I’d expected to see pyramids as the plane dipped towards the airport, expected Suma to meet us and whisk us away to her family home in an oasis of palms. I’d expected men in red Tommy Cooper hats, with a black tassel swinging from the crown.
As the bus coughed its way towards the city, I wiped away the naiveté of my expectations as I rubbed the sleep from my eyes. I was fifteen, too old to believe in fairy tales, and yet my dad must have brought me here for something. Cinderella got to marry her handsome prince. The ugly duckling grew up to be a swan.
We got down from the bus in the main square and Dad asked for directions to the hotel. Men dressed in long white caftans held hands as they studied the headlines at the newsstands. Women dressed like nuns head to toe in black chatted to long-legged dolly birds, their voices stretching shrill and guttural above the blare of the traffic. Heat seared the paving and my skin felt sticky beneath my T-shirt and jeans.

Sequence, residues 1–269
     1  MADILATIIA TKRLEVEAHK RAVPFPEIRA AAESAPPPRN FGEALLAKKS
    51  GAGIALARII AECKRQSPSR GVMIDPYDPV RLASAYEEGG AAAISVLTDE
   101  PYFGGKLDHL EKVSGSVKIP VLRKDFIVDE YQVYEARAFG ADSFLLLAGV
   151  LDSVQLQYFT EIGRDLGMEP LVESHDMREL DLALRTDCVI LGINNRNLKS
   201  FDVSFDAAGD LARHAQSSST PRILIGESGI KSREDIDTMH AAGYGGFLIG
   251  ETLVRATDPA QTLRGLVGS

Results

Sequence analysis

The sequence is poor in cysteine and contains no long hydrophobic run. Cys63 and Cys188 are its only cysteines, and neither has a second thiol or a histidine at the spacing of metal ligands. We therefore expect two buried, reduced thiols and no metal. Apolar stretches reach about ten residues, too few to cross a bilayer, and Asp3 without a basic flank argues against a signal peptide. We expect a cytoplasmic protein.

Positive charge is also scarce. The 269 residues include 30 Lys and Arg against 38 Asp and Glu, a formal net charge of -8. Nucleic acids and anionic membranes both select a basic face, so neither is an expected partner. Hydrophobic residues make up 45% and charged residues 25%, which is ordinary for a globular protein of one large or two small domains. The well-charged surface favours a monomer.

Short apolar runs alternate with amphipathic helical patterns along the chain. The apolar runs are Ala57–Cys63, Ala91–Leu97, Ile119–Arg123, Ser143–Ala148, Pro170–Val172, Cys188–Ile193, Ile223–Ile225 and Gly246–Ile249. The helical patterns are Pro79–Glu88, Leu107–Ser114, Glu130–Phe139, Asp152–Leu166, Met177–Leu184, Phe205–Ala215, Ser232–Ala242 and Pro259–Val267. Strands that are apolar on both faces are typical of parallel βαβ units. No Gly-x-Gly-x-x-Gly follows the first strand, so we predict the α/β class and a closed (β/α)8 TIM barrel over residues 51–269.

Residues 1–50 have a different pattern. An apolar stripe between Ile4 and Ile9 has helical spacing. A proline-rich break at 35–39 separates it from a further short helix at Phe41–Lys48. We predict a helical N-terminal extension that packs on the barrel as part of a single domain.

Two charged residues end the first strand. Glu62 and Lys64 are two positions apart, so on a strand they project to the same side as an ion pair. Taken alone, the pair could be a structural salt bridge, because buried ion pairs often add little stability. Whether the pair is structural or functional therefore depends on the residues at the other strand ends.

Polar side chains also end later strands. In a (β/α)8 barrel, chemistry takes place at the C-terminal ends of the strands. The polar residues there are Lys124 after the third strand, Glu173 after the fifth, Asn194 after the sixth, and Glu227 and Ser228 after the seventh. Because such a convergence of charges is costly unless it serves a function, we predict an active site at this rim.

We met up with Patricia and my mother at the hotel, with just enough time for a shower and change of clothes before the four of us headed off to the clinic. Mr Abdullah was a compact figure, no taller than my mother, but very suave with his Brylcreemed hair and clipped moustache, his three-piece chalk-striped suit in defiance of the heat. I found his demeanour reassuring: I’d been half expecting him to greet us straight from surgery in a bloodied butcher’s apron.
Nevertheless, I was embarrassed when he took me off to a more clinical room and bade me strip down to my socks. Most of the questions he fired at me were familiar from my meeting with Dr Hutton, yet his accent, with its pleasant lilt, made me self-conscious about my own rough vowels, so I kept my responses brief.
When we rejoined the others, Mr Abdullah summoned his assistant to bring us some refreshments. Dad and I had eaten nothing since the plane, and my stomach rumbled in anticipation. Yet it seemed odd to be tucking into tea and cakes while the doctor sat writing notes at his desk. The pink perfumed tea was served without milk in straight-sided glasses that scorched our fingertips, and the tiny cakes oozed syrup as soon as you touched them. For a moment, I wondered if they were part of the treatment, but it would have been a strange kind of medicine that was prescribed for all the family.
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